Tuesday, 12 August 2014


Parents give lots of different reasons for homeschooling their children. In the 2003 and 2007 NHES, parents were asked whether particular reasons for homeschooling their children applied to them. The reasons selected by parents of over two-thirds of students were concern about the school surroundings, to provide religious or moral instruction, and dissatisfaction with the academic instruction available at other schools. From 2003 to 2007, the percentage of students whose parents reported homeschooling to provide religious or moral instruction increased from 72 percent to 83 percent. In 2007, the most common reason parents gave as the most important was a desire to provide religious or moral instruction (36 percent of students). Usually the religious belief being represented is evangelical Christian.[30] This reason was followed by a concern about the school surroundings (such as safety, drugs, or negative peer pressure) (21 percent), dissatisfaction with academic instruction (17 percent), and "other reasons" including relatives time, finances, travel, and distance (14 percent).[31] Other reasons include more flexibility in educational practices and relatives core stability for children with learning disabilities or extended chronic illnesses, or for children of missionaries, military families, or families who move often, as often as every years.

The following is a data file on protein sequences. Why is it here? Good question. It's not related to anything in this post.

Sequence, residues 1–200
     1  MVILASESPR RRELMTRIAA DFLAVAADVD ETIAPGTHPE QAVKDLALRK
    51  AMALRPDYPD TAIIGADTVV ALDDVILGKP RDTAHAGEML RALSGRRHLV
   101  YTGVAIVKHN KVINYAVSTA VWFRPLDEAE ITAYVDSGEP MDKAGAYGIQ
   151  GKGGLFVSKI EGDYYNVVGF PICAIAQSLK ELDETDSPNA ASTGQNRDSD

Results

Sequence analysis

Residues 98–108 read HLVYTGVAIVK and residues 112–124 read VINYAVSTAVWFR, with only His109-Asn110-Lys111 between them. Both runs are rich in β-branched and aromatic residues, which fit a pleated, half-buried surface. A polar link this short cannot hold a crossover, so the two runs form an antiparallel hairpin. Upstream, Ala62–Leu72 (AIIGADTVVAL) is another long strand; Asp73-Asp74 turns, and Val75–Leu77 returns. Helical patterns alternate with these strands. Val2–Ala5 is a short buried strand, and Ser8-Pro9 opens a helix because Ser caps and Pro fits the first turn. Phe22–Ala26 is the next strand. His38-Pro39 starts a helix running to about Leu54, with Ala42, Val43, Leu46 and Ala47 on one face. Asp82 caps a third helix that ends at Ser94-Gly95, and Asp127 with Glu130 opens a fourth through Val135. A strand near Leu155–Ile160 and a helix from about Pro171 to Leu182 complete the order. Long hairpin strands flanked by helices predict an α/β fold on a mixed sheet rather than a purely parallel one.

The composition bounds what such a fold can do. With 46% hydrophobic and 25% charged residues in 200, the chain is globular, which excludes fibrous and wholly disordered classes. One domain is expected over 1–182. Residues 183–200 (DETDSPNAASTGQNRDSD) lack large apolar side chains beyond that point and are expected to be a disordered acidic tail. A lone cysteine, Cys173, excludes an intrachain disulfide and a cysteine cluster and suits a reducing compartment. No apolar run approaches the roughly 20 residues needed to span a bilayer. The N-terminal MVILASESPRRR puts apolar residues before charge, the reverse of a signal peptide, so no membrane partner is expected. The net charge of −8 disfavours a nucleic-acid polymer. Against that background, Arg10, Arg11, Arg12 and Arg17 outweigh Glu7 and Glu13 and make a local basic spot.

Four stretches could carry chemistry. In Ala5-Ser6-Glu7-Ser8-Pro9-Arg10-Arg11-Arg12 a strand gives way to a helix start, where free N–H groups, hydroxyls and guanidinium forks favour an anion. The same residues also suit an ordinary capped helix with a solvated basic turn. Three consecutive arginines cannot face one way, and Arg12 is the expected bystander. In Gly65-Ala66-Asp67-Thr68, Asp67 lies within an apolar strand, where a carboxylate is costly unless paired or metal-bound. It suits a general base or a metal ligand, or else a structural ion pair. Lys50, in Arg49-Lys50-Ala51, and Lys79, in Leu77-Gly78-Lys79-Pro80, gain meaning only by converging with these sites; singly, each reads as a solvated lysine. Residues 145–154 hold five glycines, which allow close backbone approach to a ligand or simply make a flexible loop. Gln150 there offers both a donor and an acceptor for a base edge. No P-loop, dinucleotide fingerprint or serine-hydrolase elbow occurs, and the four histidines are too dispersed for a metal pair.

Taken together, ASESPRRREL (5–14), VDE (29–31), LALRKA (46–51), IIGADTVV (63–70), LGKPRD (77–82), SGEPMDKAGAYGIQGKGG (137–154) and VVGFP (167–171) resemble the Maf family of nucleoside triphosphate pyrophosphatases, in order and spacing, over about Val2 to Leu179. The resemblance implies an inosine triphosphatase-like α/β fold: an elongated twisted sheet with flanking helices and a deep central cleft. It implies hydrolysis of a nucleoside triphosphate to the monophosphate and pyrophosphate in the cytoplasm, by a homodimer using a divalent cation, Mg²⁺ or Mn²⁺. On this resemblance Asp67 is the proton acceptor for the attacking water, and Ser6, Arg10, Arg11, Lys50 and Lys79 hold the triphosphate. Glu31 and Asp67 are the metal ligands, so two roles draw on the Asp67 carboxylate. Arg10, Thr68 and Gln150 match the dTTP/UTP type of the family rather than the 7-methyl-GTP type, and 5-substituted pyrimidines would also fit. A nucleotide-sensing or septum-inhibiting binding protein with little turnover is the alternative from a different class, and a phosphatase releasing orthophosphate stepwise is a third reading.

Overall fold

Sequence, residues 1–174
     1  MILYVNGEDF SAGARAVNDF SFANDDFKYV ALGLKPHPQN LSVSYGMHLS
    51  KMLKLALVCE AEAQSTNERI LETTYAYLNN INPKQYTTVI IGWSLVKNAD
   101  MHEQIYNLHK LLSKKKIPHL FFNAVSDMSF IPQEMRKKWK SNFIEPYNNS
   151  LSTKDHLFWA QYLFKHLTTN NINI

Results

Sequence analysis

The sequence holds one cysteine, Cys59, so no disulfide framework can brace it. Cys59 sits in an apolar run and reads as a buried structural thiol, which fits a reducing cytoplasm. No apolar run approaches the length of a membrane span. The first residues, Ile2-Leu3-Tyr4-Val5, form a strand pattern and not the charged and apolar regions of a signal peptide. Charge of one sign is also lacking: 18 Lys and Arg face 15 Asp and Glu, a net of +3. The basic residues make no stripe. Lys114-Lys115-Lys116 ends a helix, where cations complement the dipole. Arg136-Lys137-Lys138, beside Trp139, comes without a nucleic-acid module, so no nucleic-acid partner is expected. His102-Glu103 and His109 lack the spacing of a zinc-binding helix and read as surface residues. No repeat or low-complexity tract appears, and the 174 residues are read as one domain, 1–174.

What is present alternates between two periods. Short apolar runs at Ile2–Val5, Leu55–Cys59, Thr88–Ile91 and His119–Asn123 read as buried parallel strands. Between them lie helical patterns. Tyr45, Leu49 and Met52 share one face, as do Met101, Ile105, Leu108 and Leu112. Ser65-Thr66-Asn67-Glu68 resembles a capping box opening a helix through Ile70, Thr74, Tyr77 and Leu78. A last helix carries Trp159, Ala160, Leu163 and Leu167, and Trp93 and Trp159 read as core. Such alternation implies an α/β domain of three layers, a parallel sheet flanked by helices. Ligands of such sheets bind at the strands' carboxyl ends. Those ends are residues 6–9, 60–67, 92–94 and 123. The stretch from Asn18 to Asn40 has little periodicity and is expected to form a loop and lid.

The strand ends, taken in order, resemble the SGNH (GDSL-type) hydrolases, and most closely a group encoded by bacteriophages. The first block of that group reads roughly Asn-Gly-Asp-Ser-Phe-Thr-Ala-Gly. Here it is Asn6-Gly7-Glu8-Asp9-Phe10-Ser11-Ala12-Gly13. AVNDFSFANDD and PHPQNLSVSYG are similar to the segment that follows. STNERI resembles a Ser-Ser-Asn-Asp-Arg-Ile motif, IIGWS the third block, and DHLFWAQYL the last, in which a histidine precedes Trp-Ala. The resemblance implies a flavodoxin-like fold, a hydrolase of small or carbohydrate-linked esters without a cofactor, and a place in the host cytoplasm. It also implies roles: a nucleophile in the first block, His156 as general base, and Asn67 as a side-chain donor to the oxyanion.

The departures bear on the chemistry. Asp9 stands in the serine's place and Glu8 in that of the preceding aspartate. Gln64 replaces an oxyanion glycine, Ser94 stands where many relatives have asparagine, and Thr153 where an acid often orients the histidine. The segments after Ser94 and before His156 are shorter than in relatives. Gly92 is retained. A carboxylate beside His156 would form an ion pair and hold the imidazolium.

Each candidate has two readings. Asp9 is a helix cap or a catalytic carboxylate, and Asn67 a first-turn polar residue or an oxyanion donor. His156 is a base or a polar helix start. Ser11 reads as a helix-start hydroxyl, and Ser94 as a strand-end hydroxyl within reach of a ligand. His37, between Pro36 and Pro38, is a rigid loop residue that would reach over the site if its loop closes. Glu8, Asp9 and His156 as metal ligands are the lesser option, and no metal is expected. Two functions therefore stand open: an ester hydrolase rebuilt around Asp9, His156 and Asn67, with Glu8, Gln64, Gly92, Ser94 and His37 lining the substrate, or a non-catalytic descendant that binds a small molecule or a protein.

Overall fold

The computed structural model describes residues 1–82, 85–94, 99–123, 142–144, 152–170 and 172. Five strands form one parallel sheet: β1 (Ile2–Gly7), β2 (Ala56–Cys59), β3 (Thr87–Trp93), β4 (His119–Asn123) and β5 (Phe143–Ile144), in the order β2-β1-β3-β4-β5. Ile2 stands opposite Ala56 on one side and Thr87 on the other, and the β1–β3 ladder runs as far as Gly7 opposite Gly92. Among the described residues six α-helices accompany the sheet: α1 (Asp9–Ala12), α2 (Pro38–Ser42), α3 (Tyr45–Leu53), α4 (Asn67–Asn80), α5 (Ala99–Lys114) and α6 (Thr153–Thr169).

In addition, some parents need more opportunities to socialize with a variety of ages, to travel more, to do more field journeys, to visit museums, to do outdoor schooling, to attend concerts, to visit work places, to tour government buildings, to seek mentor-ships, and to study nature outside. A homeschooling relatives can do more field journeys, with vehicle and parent necessary.[32]

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